When it comes to talent management, there’s a paradox that continues to confound HR leaders.
For a long time, HR departments have been called on to become more strategic—less fixated on matters that only concern HR, and more focused on matters that concern the entire business.
At the same time, talent management—a bedrock component of the HR function—is by definition a strategic pursuit. It’s the practice of creating productive employees that actively help a business reach its goals—by hiring new staff that can hit the ground running, developing existing staff to make them even more effective, and motivating and engaging all staff to reach their full potential. Given that the workforce takes up most of the company budget, it’s hard to argue that there’s a function outside of talent management more critical to a company’s ability to execute on its strategy.
But if talent management is inherently tied to business strategy, why does the perception endure that HR lacks strategic clout?
The answer is simple—it’s because workforce metrics and programs have traditionally been difficult to connect to business results. Instead, HR has relied on numbers that are easier to measure, such as retention rates, engagement scores, and recruiting pipelines—important information, to be sure, but at least one degree removed from higher-level business results like revenue, profit, and customer satisfaction.
Connecting the workforce to business results has long been seen as the holy grail by business and HR leaders alike. Understanding what workforce levers to pull to drive business outcomes will revolutionize the impact HR has on business performance.
In fact, many companies have already invested millions of dollars and years of effort in business intelligence projects while trying to make this connection. However, consistent and cost-effective results still elude them, for a number of reasons.
3 Business Intelligence Challenges
#1: Data buried in disconnected systems
First, the relevant data lives in many disconnected silos. Core workforce data lives in a human resource information system (HRIS), talent management data often lives in other systems, and indirect workforce costs—such as those for recruiting, relocation, and facilities—are tracked in still more systems. If an organization uses a contingent workforce, their data is often kept separate from that of full-time employees. And that’s all before business information—sales, financial, customer, and other business data—is added to the mix. Integrating and standardizing the data is a complex project fraught with risk.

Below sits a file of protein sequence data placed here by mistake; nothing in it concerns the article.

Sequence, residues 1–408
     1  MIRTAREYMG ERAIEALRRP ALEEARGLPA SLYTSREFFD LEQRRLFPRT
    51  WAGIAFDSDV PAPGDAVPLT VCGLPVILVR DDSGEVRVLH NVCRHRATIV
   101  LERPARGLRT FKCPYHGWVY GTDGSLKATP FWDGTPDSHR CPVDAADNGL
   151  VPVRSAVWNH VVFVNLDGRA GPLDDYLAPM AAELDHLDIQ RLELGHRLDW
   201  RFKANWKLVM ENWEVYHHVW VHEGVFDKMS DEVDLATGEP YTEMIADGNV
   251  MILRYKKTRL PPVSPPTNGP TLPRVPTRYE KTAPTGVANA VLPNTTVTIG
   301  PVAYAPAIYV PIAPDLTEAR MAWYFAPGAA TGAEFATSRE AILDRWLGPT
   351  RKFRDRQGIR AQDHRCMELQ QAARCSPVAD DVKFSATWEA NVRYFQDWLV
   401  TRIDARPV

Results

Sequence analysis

#2: Ability to deliver self-service reporting and analysis
Second, the insights an organization can achieve are constrained by the capabilities of the systems it uses. HR systems typically offer nothing beyond descriptive analytics—numbers that describe what’s happening but don’t help leaders understand why it’s happening, decide what to do next, or predict future trends. Organizations that tackle these shortcomings by implementing business intelligence (BI) systems run into further challenges. BI systems are built for experts, which denies the average business users their own interaction with the analysis guided by their sense of discovery. And until subject-matter experts build the analytic application, BI systems are a blank sheet that offer no insights into the workforce.
#3: Cost of producing reports
Third, building a system to generate workforce insights is a long and expensive proposition. IT staff have little time due to competing priorities, and consultants charge a high price for their expertise. Hidden costs add to the bill—every new data source requires more implementation time, and every new analytic needs to be built from scratch.
Alternative for Visualizing and Analyzing Data
In spite of the challenges, the need to connect the workforce to business outcomes is critical, and there now is a viable and effective alternative to BI. New cloud-based people analytics solutions are now available that provide turnkey data onboarding and management at a fraction of the time and cost of traditional methods, leaving HR and business leaders with the time and money to focus on business strategy and decision making.
With the right solution, companies can avoid getting mired in the details of data processing and report creation and instead ask questions that directly tie the workforce to business KPIs, such as:
- Do stores where employees have longer tenure have higher sales?
- Are more training hours linked to a lower frequency of reported injuries?
- How does training spend relate to our defect rate?
- Is the amount of variable compensation paid linked to the number of new insurance policies written?
- How does time in position relate to the first-call resolution rate of support calls?
Dave Ulrich, a leading business consultant who’s known as the father of modern HR, advocates for an “outside-in” approach to HR that’s consistent with the need to connect HR directly to the business. Great HR is about making the business better, and the key to that is connecting workforce plans to specific business goals.
John’s article first appeared in Human Resource Executive in May 2016.